In a heavenly council, Satan met with God and claimed Job loved God only because goodness paid dividends. If Job did not have riches, family, and friends Satan said he would hate God. God agreed to put Job to the test. He allowed Satan to do anything to Job except take his life. Satan was so sure Job's faith was shallow he claimed Job would curse God to his face. God's confidence in Job allowed Satan to carry out the test.

The writing of Job is in a class of its own. Several types of biblical material are found in Job:

Laments--Job repeatedly bewailed what had befallen him. 3:1­26, 6:2­7, 10:1­12.

Hymns of Praise --Job often praised God for his power and righteousness 5:9­16 26:1­14.

Proverbs --Pithy statements of wisdom and metaphor appear in Job 5:2, 6:5­6.

Prophetic Speech --The friends sometimes claimed to have had prophetic experiences, and they preached as the prophets did. 4:12­14, 11:13­20, 32:8.

Wisdom Poems --Job has several lengthy poems on the value of wisdom and right behavior. Compare Job 28 to Proverbs 30:2-4 and Job 8:11­22 to Psalm 1.

Numeric Sayings --Compare Job 5:19 to Proverbs 30:21.

Reflective Questioning--Job sometimes bluntly challenges conventional wisdom. Compare Job 21:17­19 to Ecclesiastes 9:2­3.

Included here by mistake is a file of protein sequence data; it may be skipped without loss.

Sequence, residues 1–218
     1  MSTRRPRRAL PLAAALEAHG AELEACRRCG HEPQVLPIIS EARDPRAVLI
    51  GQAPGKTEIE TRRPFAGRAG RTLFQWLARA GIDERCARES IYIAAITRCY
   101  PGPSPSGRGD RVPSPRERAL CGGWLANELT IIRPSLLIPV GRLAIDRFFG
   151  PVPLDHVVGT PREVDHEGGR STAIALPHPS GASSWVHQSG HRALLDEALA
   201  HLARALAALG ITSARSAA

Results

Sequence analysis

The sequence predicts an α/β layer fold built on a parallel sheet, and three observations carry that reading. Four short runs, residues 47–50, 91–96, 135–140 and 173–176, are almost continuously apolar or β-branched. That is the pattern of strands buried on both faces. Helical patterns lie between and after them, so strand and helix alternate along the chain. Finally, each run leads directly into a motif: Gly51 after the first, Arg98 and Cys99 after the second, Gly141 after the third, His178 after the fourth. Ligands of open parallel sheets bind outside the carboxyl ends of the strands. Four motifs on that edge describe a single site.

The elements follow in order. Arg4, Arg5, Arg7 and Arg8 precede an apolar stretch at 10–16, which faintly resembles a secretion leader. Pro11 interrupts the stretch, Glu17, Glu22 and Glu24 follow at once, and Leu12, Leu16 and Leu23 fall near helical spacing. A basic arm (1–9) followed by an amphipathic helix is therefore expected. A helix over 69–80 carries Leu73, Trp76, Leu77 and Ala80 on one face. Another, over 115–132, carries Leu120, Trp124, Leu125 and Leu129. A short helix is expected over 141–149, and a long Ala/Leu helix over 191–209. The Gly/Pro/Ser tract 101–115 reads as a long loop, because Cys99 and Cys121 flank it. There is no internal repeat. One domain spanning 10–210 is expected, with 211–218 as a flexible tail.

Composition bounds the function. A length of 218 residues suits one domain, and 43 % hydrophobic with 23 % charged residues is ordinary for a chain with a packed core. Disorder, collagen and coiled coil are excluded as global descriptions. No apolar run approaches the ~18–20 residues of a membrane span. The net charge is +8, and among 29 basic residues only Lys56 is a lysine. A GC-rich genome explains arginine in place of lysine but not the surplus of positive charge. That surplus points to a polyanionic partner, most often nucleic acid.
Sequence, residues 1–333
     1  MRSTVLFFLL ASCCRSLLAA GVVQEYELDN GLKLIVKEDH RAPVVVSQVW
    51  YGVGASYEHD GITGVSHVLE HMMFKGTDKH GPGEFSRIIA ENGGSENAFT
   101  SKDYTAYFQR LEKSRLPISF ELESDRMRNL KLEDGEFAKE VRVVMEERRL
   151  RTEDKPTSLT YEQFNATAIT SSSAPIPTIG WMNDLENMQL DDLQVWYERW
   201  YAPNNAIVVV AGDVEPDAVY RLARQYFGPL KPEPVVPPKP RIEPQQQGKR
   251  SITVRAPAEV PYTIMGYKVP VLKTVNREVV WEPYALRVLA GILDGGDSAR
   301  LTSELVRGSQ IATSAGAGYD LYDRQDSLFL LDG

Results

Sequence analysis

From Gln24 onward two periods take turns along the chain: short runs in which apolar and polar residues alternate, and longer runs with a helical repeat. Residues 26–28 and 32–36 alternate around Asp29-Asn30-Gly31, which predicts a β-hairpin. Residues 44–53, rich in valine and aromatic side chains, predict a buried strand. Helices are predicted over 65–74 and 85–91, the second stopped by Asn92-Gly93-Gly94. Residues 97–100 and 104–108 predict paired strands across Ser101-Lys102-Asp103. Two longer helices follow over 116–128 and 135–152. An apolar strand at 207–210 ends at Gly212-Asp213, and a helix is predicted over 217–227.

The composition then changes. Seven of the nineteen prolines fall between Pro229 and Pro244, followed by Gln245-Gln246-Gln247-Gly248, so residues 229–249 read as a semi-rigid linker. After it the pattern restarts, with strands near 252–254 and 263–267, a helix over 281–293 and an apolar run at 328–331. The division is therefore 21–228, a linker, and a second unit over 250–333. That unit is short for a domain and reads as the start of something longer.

Apocalyptic Passages --Job has some features in common with books like Daniel and Revelation. (Dockery, Holman Bible Handbook, pp. 311­312)


The date and authorship of Job are difficult to determine. There is no hint of historical circumstances of Job. The hero of the book is not an Israelite, but an Edomite sheik from the land of Uz, which was evidently in the southeastern part of Palestine around Edom (Jeremiah. 25:19­24, Lam. 4:21), the area from which Job's friends came (2:11). (Bernhard W. Anderson, Understanding the 0ld Testament, 510.)

Some think the author was an Israelite page who perhaps lived on the outskirts of Palestine. Since the Edomites are pictured in a favorable light the date seems to be pre­exile. The date is thought to be between the fifth and third centuries B.C.